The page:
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OpenBSD & FreeBSD Are Still Formulating Kernel Plans To Address Meltdown+Spectre

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  • OpenBSD & FreeBSD Are Still Formulating Kernel Plans To Address Meltdown+Spectre

    Phoronix: OpenBSD & FreeBSD Are Still Formulating Kernel Plans To Address Meltdown+Spectre

    On Friday DragonFlyBSD's Matthew Dillon already landed his DragonFly kernel fixes for the Meltdown vulnerability affecting Intel CPUs. But what about the other BSDs?..

    http://www.phoronix.com/scan.php?pag...ectre-Response

  • #2
    We have received *no* non-public information. I've seen posts elsewhere by other *BSD people implying that they receive little or no prior warning, so I have no reason to believe this was specific to OpenBSD and/or our philosophy. Personally, I do find it....amusing? that public announcements were moved up after the issue was deduced from development discussions and commits to a different open source OS project. Aren't we all glad that this was under embargo and strongly believe in the future value of embargoes?
    You didn't receive any non-public information in advance because the BSDs have little commercial relevance and Intel tried to keep the number whom they informed about the vulnerability in advance to a minimum to avoid any risk of leakage. I work for one of the large software and our internal security team was informed about the vulnerability as of early November and also received preliminary patches from Intel.

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    • #3
      Originally posted by monraaf View Post
      You didn't receive any non-public information in advance because the BSDs have little commercial relevance and Intel tried to keep the number whom they informed about the vulnerability in advance to a minimum to avoid any risk of leakage. I work for one of the large software and our internal security team was informed about the vulnerability as of early November and also received preliminary patches from Intel.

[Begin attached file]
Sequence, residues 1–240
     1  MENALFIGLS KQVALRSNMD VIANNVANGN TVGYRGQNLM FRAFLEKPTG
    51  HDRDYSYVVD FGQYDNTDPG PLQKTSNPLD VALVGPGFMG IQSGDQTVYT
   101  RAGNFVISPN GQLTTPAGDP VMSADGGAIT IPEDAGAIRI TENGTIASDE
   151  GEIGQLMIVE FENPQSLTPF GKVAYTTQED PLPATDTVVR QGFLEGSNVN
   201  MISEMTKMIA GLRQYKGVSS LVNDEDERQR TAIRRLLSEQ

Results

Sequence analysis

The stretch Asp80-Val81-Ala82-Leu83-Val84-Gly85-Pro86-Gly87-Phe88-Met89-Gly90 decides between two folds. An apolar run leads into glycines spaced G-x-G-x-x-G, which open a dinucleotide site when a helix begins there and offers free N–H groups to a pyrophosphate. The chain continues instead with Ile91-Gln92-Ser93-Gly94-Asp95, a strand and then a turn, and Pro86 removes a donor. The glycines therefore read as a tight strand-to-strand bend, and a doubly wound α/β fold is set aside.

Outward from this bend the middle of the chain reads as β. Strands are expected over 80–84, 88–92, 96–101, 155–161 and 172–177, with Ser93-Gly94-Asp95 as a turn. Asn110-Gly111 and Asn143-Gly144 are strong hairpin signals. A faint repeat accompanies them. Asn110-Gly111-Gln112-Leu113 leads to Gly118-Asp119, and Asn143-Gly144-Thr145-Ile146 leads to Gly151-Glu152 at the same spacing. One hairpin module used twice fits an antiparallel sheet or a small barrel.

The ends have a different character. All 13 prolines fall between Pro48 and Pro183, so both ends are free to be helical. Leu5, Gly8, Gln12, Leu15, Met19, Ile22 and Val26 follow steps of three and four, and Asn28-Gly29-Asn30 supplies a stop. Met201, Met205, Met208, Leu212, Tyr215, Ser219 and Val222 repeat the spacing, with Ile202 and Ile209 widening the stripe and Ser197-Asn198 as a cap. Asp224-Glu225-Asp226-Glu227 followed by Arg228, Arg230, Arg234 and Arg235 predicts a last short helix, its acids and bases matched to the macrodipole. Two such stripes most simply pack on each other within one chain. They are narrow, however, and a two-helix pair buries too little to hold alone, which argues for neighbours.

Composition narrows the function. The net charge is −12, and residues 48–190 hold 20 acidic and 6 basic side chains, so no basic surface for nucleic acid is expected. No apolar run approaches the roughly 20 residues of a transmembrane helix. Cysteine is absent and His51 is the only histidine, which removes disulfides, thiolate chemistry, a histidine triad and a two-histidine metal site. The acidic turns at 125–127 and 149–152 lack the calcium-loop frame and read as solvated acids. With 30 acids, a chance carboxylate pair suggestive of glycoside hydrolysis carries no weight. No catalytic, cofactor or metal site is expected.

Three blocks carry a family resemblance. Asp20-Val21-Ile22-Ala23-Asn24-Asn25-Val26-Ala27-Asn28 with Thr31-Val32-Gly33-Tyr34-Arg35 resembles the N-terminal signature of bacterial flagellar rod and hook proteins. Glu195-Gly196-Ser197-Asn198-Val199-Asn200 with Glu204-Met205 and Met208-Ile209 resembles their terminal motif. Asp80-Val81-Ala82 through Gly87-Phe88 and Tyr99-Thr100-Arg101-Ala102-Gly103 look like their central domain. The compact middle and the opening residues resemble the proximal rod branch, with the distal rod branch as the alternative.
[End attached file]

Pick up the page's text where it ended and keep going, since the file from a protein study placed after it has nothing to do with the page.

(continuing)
No, OpenBSD does not receive non-public information because Theo de Raadt already said several times he does not sign NDA, and OpenBSD had already not respected an embargo in the past.

      Btw, FreeBSD and OpenBSD are heavily used by ISPs world-wide.
      Last edited by alexcortes; 01-06-2018, 11:05 AM.

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      • #4
        Originally posted by alexcortes View Post
        Btw, FreeBSD and OpenBSD are heavily used by ISPs world-wide.
        The upstream projects or the downstream derivatives? Because if we talk of production systems I mostly know of commercial derivatives that just add their patches on top and never release the source. And only run in the company's router/firewall/whatever appliance product, of course.

        AFAIK usually the company behind the commercial derivatives signed NDAs with Intel, what happened with the last Atom bug on embedded Atom SoCs used in networking equipment proves it.
        Last edited by starshipeleven; 01-06-2018, 11:20 AM.

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        • #5
          Originally posted by monraaf View Post
          because the BSDs have little commercial relevance and Intel tried to keep the number whom they informed about the vulnerability in advance to a minimum to avoid any risk of leakage.
          Netflicks runs the majority of FreeBSD servers. Their commercial relevance is pretty damn relevant in the UK

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          • #6
            Originally posted by alexcortes View Post

            No, OpenBSD does not receive non-public information because Theo de Raadt already said several times he does not sign NDA, and OpenBSD had already not respected an embargo in the past.

            Btw, FreeBSD and OpenBSD are heavily used by ISPs world-wide.
            Is the same info about NDAs relevant for FreeBSD as for OpenBSD?
            This whole thing is absurd in a way; but for BSD users and developers, it must be beyond ridiculous and enfuriating.

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            • #7
              50+ years old, not just decade or two.
              http://ieeexplore.ieee.org/document/...8/?reload=true

              "We translated Intel's crap attempt to spin it's way out of CPU security bug PR nightmare"
              http://www.theregister.co.uk/2018/01...s_annotations/

              Btw, FreeBSD was made aware of the security nightmare in the second half of December (much later than most other non-publicly informed OS'es). OpenBSD got info from public sources like the rest of us.

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              • #8
                Originally posted by aht0 View Post
                50+ years old, not just decade or two.
                http://ieeexplore.ieee.org/document/...8/?reload=true
                Neat. An article about exploiting speculatory execution as implemented in an IBM System/360 Model 91, a processor from 1966.

                It's the same general principle of what Spectre vulnerability does. Meltdown is just Intel pushing stuff too far.

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                • #9
                  Awesome stuff. Thank you aht0

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